Problem czytania i pisania nut (The Issues of Reading and Writing Notes) by Leon Łukaszewski is a new book published by the Polish Chamber Choir. It was co-financed by the Fund for the Promotion of Culture of the Ministry of Culture, National Heritage and Sport, within the framework of the ‘Muzyczny ślad’ (Musical Trace) Programme implemented by the Institute of Music and Dance.

The book was edited and prefaced by Anna Kalarus, holder of a post-doctoral degree and lecturer at the Faculty for Musical Education of the Music Academy in Kraków.

Here are two excerpts from her preface:

(...)  In his publication, the author begins by drawing up a balance sheet of previous research in the field of ear training and the development of so-called musicality. He gives a thorough and penetrating chronological presentation of the various methods and systems. He begins with the traditional methods of Guido d'Arezzo and Jean-Jacques Rousseau, moving on to Pierre Galina, Guillaume-Louis Bocquillon, and to John Curwen’s Tonic sol-fa, John Evans’s phonogesture method and Cark Eitz’s 12-syllable system. The last three approaches are analysed with particular attention. In analysing modern methods of musical education, the author expresses concern with the fact that they do not treat ear-training, including the skills of reading and writing notes, as their main and fundamental components but as elements of secondary importance, or even as supplementary.  Despite this, the author writes with due respect about the work of the “big three”, i.e.  Carl Orff, Émile Jaques-Dalcroze and ZoltánKodály, as well as other 20th-century music theoreticians, including Poles.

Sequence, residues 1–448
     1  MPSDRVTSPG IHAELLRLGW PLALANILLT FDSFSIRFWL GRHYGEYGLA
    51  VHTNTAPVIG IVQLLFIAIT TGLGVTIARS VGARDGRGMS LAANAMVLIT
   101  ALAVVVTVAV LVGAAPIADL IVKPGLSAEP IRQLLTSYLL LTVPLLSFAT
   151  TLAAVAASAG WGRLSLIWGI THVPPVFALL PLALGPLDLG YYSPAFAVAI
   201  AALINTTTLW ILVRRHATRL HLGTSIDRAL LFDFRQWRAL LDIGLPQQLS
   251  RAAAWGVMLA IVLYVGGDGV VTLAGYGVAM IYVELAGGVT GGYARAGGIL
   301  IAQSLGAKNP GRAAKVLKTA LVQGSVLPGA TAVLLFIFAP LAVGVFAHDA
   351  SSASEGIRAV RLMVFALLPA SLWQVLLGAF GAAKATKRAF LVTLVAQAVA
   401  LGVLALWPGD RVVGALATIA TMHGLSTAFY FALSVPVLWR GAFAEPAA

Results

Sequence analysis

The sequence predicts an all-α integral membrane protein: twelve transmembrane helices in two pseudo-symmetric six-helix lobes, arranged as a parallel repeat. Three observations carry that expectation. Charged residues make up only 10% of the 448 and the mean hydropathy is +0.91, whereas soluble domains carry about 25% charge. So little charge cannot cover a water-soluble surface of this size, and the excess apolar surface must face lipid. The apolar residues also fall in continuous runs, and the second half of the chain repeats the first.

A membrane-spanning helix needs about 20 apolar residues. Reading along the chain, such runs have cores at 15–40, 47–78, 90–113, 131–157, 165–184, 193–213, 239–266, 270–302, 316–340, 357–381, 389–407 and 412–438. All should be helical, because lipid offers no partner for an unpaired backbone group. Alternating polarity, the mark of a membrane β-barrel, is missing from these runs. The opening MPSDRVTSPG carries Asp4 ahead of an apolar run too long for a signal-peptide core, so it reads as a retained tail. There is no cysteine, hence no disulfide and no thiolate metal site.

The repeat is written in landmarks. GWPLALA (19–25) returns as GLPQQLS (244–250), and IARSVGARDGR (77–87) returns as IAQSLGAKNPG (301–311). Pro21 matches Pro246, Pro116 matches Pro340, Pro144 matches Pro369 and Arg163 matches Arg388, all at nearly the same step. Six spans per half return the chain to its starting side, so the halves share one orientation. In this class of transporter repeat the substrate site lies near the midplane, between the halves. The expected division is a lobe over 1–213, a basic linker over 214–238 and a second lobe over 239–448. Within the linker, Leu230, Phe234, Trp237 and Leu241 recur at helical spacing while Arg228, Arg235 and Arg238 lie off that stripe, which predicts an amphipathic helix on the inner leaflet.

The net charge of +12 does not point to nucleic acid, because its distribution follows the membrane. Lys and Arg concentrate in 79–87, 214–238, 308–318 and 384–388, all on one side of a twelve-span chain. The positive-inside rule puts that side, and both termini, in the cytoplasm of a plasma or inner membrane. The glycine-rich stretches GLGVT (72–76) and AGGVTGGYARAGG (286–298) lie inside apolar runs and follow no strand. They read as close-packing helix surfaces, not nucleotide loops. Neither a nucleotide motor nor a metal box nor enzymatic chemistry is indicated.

(...)  The most important and perhaps the most interesting part of the book is the presentation of the author’s own concept of perfecting the ancillary means in the reading and writing of notes. In the first instance, the author deals with the streamlining of musical notation. His starting point is the tempered 12-semitone scale and the ultimate result is a notation on staves of different width, without clefs or accidentals, with the line c defining absolute pitch. The other element of the author’s project is a transformed, reformed syllabic system. By introducing new syllables, he creates a 12-stage syllabic chromatic sequence.  Linked to the changes in the syllabic system is a modified phonogesture. The whole project is complete with the author’s recommendations regarding exercises and the practical of the modernized system of reading and writing notes.